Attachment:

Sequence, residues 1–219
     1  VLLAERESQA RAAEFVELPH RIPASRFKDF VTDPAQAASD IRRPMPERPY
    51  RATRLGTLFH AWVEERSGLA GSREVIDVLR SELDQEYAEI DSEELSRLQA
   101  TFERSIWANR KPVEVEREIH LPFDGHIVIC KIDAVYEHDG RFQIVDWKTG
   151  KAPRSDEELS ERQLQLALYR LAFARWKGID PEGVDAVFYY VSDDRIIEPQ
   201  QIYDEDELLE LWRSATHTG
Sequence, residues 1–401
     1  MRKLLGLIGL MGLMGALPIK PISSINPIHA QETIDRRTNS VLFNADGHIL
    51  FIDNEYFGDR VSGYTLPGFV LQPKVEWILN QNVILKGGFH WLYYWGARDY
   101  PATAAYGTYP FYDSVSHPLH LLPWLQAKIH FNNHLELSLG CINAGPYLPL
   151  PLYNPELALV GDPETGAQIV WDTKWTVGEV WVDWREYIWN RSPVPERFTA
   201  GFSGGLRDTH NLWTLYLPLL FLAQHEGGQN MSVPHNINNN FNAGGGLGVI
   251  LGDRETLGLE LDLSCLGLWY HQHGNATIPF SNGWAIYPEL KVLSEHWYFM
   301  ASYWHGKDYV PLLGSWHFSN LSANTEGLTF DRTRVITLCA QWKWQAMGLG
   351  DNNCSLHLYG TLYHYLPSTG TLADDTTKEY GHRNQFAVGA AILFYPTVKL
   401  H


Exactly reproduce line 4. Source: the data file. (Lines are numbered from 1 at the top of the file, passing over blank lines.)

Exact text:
   101  TFERSIWANR KPVEVEREIH LPFDGHIVIC KIDAVYEHDG RFQIVDWKTG